This model of operation has allowed LockBit to cast a wider net, targeting a broad spectrum of organizations, including but not limited to manufacturing, construction, professional services, retail, and the food industry. As a result, LockBit poses a substantial and adaptable threat to businesses across different sectors, perpetuating the ongoing challenge of defending against this potent ransomware variant.

Mitigating LockBit Ransomware Attack Risks

Mitigating the risks posed by LockBit ransomware requires a multi-faceted approach, combining proactive measures to prevent infections and robust strategies for incident response and recovery.

Preventive Measures

1. Security Awareness Training:

One of the most effective preventive measures is to ensure that all employees are well-informed about cybersecurity threats. Regular security awareness training programs can help educate the workforce about identifying phishing attempts, malicious attachments, and suspicious links. This reduces the likelihood of initial infection vectors.

2. Patch Management:

LockBit often exploits vulnerabilities in systems and networks to infiltrate organizations. Keeping software, operating systems, and applications up to date with the latest security patches and updates can significantly reduce the attack surface, making it harder for the ransomware to gain a foothold.

3. Network Segmentation:

Network segmentation is a vital strategy that isolates different parts of the network to prevent the lateral movement of ransomware once it infiltrates one segment. By limiting the ransomware’s ability to spread, network segmentation can help contain and mitigate its impact.

4. Email Security:

Implement advanced email security solutions, such as anti-phishing and anti-malware tools, to detect and block malicious emails that may deliver LockBit ransomware payloads. Email scanning can provide an additional layer of defense against infection vectors.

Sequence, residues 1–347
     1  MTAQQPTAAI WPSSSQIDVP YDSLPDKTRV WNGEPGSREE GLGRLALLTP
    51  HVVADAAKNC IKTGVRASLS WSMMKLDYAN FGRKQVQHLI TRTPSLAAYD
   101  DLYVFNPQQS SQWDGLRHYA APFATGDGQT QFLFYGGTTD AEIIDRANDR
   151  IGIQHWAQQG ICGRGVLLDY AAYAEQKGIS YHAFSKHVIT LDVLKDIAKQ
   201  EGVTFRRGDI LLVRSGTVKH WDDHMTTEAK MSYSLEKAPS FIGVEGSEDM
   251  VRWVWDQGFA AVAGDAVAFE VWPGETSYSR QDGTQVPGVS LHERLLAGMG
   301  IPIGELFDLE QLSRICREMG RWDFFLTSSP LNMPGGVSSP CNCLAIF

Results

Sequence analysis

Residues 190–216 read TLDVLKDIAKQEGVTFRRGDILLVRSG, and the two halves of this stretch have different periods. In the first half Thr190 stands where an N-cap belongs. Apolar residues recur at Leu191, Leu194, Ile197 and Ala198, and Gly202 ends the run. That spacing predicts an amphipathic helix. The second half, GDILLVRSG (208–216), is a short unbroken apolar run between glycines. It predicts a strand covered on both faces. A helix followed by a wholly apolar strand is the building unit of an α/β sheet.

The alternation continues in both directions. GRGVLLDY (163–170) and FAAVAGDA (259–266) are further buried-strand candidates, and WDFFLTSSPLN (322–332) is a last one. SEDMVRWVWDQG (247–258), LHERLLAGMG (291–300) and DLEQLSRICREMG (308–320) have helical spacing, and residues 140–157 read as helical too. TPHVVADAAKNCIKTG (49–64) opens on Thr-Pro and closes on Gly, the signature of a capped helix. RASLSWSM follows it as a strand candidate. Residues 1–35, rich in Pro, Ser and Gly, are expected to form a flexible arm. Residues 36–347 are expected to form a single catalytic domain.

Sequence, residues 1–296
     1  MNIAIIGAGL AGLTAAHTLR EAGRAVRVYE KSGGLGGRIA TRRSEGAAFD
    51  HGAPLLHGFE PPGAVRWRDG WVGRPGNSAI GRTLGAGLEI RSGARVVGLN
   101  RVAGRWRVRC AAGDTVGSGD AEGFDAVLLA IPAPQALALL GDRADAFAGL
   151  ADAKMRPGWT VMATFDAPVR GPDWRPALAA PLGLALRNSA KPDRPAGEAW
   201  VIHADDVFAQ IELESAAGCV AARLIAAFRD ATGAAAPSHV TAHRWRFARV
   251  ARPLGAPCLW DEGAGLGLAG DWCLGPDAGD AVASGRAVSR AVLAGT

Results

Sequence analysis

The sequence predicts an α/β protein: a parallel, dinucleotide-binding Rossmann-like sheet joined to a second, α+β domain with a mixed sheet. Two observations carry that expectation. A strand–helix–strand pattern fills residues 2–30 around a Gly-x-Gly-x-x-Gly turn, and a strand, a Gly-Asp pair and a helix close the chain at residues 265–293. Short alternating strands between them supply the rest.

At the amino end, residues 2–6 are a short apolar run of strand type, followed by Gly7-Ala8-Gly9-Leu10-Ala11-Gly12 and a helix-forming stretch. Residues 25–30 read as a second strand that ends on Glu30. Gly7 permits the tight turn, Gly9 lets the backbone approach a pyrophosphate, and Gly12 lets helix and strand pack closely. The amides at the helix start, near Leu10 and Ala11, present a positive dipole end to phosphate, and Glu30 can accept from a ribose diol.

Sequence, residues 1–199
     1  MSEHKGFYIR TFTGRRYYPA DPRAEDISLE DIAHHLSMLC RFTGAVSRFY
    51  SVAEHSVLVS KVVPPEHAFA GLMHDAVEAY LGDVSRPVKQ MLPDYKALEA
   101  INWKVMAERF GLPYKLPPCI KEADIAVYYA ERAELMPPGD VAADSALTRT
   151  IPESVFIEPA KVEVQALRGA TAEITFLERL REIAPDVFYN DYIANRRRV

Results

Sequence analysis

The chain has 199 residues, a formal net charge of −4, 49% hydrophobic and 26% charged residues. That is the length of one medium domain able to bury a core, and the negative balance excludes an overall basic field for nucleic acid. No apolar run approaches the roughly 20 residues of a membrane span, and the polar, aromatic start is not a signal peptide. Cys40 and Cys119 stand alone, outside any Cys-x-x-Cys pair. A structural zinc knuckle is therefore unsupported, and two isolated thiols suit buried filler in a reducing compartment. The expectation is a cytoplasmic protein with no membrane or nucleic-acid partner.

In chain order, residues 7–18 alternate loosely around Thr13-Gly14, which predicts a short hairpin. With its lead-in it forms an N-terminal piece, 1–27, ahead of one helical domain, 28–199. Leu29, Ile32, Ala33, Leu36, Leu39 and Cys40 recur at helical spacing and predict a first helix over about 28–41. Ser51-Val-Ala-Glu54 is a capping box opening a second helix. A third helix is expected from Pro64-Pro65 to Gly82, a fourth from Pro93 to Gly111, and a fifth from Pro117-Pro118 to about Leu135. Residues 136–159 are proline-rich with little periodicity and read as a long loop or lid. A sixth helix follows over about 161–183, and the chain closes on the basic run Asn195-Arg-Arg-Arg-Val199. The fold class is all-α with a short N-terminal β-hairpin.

5. Multi-Factor Authentication (MFA):

Enforce multi-factor authentication (MFA) for all remote access and administrative accounts. This added layer of security can help protect against stolen credentials, which ransomware attackers may exploit to gain access to systems.

6. Air-Gapped and Immutable Backups:

Implement air-gapped and immutable backup solutions to safeguard critical data. Air-gapped backups are physically isolated from the network, making them impervious to ransomware attacks. Immutable backups prevent data from being modified or deleted for a specific retention period. In case of an infection, these backups can provide a clean, unaffected data source for recovery.

Incident Response and Recovery Strategies

1. Isolation of Infected Systems:

In the event of a LockBit infection, it’s essential to isolate compromised systems to prevent the ransomware from further spreading throughout the network. Disconnecting infected devices or segments can contain the damage.

2. Communication Plan:

Having a well-defined communication plan is crucial. Notify all relevant stakeholders, including IT teams, senior management, and legal counsel. Quick and clear communication is essential in coordinating an effective response.

3. Data Recovery from Backups:

Access to secure and clean backups is invaluable when dealing with a LockBit attack. Air-gapped and immutable backups are especially useful, as they cannot be modified or deleted by the ransomware. Prompt recovery from backups is often the best method to regain access to encrypted data without paying the ransom.

4. Ransom Negotiation:

While not recommended, some organizations opt to negotiate with the attackers and pay the ransom to recover their data. If you choose to take this route, it is advised to use a reputable third party for negotiations, rather than dealing directly with cybercriminals.

5. Legal and Law Enforcement Involvement:

Consider involving legal authorities and law enforcement agencies in case of a LockBit attack. This can lead to the pursuit and potential apprehension of the threat actors, as well as increased visibility into the attack.

Conclusion

LockBit ransomware stands as a persistent and evolving threat in the realm of cybersecurity. Its various versions have demonstrated increasingly destructive capabilities, and its connection to the Ransomware-as-a-Service (RaaS) business model has enabled it to proliferate. However, with the right preventative measures, robust incident response strategies, and the deployment of advanced backup solutions such as air-gapped and immutable backups, organizations can significantly reduce the risks and impact of LockBit attacks.

In an ever-changing digital landscape, vigilance, preparedness, and a proactive stance against LockBit ransomware are essential to safeguarding sensitive data and maintaining business continuity.